What if we could repair broken genes
We are pioneering the possible. Our mission and commitment is to harness the power and potential of GenomeGo gene editing to develop a robust pipeline of medicines for people living with serious diseases around the world. Our goal is to discover, develop, manufacture, and commercialize transformative, durable genomic condition for many diseases.
DNA Mutations and Disease
Our genes can also be a source of disease.
Small breaks in our DNA are incredibly common and are normally uneventful. DNA breaks can happen from sunlight, for example, or during cell divisions that happen as we grow. Our cells have built-in DNA repair processes that constantly fix these breaks as they occur.
However, breaks are sometimes repaired incorrectly, creating what is known as a mutation. Mutations can occur spontaneously or be passed down from our parents. Mutations can also change how our cells function, and may lead to serious diseases such as sickle cell disease (SCD), Leber congenital amaurosis 10 (LCA10), cancer, and many others.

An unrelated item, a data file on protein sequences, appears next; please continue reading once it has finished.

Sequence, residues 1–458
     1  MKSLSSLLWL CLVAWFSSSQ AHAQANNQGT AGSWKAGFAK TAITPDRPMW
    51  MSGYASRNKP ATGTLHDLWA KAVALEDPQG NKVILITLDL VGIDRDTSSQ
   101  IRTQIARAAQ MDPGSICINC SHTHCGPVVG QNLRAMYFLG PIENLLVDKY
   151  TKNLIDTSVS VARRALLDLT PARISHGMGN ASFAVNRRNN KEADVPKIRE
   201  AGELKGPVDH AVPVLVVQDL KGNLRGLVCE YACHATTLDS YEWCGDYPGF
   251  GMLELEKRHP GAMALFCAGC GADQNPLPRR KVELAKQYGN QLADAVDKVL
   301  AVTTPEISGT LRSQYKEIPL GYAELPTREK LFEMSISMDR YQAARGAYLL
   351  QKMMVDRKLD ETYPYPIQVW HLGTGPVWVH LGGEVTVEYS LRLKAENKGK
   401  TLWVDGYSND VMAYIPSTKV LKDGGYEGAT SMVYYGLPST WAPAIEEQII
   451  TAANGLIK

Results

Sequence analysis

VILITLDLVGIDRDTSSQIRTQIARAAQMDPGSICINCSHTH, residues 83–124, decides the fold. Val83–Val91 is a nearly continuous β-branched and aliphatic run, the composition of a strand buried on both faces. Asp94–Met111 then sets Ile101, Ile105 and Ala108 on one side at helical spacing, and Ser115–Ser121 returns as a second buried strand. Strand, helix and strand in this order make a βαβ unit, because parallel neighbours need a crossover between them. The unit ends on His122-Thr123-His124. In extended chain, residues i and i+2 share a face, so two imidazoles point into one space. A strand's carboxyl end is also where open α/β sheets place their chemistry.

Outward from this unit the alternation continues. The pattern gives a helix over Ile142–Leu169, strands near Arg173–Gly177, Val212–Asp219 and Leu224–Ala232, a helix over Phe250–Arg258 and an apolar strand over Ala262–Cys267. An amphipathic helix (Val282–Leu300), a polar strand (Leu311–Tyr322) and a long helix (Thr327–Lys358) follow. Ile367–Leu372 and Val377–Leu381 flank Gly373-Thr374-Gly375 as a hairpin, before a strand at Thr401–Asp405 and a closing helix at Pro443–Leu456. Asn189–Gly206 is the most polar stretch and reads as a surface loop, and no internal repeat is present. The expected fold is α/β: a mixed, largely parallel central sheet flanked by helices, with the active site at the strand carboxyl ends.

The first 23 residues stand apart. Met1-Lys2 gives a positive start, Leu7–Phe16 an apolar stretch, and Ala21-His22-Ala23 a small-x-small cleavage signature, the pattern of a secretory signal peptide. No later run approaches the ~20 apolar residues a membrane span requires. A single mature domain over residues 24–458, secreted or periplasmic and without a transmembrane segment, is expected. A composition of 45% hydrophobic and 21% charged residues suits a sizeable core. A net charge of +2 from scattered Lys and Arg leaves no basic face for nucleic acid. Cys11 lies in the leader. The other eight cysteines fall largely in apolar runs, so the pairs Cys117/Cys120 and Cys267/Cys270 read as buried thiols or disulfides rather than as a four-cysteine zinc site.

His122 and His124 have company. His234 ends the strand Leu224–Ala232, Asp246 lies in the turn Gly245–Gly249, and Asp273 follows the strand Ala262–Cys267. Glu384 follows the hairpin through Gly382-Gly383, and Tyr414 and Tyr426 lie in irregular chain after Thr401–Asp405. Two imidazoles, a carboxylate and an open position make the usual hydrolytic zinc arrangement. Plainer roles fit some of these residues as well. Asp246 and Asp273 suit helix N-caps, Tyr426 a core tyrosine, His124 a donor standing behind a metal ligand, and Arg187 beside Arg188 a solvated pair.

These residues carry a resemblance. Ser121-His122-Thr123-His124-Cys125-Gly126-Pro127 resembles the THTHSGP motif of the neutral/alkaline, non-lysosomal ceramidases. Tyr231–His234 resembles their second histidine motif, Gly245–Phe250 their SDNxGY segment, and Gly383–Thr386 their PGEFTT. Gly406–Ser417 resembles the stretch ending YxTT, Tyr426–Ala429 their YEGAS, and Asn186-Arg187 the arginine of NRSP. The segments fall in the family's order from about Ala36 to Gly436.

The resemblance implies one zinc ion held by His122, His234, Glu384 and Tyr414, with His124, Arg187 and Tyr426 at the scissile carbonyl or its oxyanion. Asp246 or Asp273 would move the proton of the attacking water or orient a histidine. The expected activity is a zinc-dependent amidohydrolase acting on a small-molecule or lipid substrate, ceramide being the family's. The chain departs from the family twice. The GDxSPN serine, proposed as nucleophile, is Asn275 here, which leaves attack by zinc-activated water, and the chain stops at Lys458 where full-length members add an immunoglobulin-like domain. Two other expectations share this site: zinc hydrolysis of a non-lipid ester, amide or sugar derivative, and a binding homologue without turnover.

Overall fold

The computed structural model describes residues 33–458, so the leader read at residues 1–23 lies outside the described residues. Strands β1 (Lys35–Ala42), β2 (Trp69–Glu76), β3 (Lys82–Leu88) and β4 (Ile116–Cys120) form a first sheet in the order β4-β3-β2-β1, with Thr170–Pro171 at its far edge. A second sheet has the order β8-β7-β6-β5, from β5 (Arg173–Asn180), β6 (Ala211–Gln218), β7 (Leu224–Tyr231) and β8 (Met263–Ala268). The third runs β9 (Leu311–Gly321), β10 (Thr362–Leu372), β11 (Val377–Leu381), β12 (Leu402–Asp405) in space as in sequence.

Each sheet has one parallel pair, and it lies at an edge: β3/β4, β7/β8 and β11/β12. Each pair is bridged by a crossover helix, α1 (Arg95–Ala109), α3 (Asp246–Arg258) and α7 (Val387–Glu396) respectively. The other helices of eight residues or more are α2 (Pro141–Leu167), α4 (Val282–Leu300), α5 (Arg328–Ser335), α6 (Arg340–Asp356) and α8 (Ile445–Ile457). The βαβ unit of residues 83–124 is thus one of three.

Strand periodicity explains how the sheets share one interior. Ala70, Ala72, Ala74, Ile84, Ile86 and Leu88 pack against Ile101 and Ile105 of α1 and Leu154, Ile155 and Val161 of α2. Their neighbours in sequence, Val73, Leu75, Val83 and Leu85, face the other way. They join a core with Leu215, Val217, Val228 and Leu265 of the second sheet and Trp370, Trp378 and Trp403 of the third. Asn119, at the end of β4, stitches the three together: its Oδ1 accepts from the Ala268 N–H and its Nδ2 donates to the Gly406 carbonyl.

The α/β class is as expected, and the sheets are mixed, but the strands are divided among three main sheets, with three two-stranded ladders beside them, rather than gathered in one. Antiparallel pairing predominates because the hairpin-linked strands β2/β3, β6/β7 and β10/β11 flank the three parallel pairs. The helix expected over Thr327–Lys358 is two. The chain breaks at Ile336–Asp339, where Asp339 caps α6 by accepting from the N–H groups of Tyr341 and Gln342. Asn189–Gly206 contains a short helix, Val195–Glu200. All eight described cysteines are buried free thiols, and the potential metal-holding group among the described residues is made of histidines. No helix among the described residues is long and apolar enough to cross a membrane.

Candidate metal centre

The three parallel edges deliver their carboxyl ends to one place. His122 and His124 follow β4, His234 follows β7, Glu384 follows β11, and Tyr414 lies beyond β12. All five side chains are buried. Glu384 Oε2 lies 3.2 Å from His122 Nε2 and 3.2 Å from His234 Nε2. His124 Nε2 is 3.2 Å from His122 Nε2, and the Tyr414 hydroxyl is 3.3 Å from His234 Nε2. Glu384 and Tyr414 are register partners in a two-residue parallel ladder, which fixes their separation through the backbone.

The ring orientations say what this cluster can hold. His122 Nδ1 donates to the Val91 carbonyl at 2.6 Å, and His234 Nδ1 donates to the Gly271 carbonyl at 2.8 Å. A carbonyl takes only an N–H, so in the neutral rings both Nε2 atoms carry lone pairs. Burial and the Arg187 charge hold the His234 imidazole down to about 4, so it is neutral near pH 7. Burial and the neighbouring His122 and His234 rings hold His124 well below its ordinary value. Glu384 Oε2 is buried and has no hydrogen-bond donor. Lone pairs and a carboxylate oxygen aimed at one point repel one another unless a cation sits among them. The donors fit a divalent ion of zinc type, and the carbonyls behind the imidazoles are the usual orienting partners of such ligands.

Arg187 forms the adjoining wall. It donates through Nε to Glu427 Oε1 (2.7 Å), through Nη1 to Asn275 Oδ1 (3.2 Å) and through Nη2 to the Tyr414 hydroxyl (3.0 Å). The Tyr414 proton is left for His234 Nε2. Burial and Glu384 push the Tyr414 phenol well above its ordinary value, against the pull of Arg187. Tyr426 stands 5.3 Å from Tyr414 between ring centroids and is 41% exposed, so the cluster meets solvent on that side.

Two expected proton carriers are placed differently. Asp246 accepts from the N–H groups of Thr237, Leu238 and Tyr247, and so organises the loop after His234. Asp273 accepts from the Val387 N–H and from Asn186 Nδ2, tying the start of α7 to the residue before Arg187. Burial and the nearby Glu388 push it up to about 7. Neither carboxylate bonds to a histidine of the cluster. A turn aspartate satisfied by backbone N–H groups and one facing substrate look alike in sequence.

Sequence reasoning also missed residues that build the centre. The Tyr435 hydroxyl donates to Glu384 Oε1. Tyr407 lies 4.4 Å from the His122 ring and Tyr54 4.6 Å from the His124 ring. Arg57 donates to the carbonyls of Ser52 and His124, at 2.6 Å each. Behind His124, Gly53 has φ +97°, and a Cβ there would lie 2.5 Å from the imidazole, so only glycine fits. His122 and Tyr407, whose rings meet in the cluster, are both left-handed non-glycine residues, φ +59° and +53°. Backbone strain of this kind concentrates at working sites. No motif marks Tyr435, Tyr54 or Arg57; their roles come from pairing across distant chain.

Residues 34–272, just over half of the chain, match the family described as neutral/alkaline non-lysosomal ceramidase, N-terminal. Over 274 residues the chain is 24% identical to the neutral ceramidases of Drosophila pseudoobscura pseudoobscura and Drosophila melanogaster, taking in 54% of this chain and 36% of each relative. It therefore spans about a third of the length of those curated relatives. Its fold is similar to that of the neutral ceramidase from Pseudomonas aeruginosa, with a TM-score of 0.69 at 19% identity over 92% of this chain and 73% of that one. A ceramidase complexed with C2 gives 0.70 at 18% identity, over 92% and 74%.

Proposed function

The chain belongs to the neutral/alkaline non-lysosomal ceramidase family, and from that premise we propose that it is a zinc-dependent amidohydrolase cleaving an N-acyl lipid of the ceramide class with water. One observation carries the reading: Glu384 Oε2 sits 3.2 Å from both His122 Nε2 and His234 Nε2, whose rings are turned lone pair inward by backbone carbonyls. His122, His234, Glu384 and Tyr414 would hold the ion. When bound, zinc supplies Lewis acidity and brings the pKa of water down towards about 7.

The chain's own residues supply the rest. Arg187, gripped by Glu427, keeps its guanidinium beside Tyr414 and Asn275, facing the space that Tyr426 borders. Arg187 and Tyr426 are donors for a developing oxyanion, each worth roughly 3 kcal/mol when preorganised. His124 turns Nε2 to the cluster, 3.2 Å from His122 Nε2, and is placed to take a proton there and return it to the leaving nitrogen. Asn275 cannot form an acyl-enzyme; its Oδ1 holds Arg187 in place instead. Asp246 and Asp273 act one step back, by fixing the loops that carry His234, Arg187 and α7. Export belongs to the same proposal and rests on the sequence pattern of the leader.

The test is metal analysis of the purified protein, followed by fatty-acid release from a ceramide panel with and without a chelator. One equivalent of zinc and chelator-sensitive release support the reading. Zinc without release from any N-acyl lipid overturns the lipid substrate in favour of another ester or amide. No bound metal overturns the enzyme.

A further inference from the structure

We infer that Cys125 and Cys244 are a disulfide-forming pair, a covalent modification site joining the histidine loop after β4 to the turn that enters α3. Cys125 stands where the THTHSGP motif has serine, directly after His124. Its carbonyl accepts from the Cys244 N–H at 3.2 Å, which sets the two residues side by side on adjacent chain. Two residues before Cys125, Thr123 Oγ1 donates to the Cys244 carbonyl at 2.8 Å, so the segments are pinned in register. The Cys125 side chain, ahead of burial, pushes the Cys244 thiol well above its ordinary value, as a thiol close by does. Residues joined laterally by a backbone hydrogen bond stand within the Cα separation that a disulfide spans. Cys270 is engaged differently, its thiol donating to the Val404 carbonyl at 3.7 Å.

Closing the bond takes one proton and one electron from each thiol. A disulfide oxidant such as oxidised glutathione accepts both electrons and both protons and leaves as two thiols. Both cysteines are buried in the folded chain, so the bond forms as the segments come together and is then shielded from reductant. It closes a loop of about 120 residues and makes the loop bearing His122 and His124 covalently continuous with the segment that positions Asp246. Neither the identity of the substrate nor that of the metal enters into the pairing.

Gene editing seeks to change DNA sequences within living cells. Gene editing has the potential to correct inherited or acquired genetic errors. To change a DNA sequence, two basic steps are required: first, to locate the DNA sequence of interest, and second, to correct that DNA sequence. We search for specific DNA sequences using proteins that naturally recognize DNA sequences. Several of these proteins can be reprogrammed to recognize a desired DNA sequence, thereby enabling the location of genes with mutations. Mutated DNA sequences can be corrected in many ways, including introducing a controlled DNA break, the most common form of gene editing. This controlled break, referred to as a DNA double-strand break, enables, in general, four types of changes.